Contemporary mind sciences are revealing facts about the brain and its development that have much to teach us about health and happiness. For a greater part of the twentieth century, psychology and psychotherapy had little to say to one another. Despite Freud's early wish to consider psychoanalysis a science, academic psychology had scant time for what it considered at best an "art" form, while psychotherapy found little interest in psychology's lack of concern with subjective experience. Since the rise of the interdisciplinary fields of cognitive science, neuroscience and consciousness studies and the growth of new technologies, all this has changed. This new knowledge challenges many of our common sense and long-held beliefs. It has important implications for education and health, and illuminates both natural optimal development and the way later therapy may heal early insufficiency. What is perhaps more surprising is that these findings engage with the "first" psychology, that of Buddhism.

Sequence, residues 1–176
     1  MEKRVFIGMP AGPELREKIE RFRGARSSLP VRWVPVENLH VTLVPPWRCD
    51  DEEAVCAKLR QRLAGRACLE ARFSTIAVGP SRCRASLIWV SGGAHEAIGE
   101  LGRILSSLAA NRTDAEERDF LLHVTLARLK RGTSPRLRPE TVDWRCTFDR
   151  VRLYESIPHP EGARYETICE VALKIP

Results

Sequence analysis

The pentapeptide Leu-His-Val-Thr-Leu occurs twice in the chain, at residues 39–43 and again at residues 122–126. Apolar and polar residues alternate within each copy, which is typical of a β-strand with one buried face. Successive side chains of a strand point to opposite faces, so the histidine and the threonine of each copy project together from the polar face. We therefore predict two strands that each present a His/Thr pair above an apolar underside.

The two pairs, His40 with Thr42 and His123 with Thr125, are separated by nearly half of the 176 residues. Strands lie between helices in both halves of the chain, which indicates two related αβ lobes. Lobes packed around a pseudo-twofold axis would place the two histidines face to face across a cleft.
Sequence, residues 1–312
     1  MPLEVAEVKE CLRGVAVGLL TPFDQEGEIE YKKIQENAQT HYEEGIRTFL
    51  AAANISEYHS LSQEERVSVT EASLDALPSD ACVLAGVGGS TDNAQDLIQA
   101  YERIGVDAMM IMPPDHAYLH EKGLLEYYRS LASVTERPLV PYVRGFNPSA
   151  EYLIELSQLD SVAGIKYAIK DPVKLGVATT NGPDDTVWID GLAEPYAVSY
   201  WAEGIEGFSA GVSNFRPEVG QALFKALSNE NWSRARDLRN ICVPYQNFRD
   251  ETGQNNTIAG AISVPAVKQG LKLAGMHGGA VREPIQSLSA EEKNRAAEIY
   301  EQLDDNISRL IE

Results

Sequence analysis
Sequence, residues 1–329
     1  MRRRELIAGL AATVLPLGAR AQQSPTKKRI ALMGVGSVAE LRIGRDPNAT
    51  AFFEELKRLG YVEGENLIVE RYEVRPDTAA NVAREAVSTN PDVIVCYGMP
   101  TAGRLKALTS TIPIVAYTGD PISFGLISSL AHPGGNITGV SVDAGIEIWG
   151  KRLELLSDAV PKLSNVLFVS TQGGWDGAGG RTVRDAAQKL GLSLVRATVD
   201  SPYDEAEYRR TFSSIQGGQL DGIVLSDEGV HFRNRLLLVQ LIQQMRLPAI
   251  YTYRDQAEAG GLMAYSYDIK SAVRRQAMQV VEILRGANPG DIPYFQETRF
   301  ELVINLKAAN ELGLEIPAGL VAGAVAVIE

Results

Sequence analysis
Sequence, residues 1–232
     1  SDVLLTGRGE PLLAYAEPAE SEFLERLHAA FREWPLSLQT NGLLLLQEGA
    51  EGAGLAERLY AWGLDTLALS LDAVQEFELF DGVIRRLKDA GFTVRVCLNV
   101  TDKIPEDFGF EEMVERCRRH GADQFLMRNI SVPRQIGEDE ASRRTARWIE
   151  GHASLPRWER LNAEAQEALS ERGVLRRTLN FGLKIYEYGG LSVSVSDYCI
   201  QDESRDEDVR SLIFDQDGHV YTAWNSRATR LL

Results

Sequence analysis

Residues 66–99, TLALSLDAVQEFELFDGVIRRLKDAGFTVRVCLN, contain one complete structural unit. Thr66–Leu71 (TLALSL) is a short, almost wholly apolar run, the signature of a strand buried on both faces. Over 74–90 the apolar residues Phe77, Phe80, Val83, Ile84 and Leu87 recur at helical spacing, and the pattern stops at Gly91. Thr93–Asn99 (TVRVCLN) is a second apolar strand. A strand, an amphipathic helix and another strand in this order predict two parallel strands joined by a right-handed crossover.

Table of Contents
Contents1 Introduction View from within and without. First and third person perspectives2 The contemporary explanation; the view from the mind sciences3 Explanation in action; psychotherapy4 The earliest explanation; the Buddhist view5 Embodiment6 Emotion7 Environment8 Selves and non-selves9 Attention, awareness and receptivity10 Inconclusion: creativity, imagination and metaphorAppendix 1 The enactive viewAppendix 2 Mind and life institute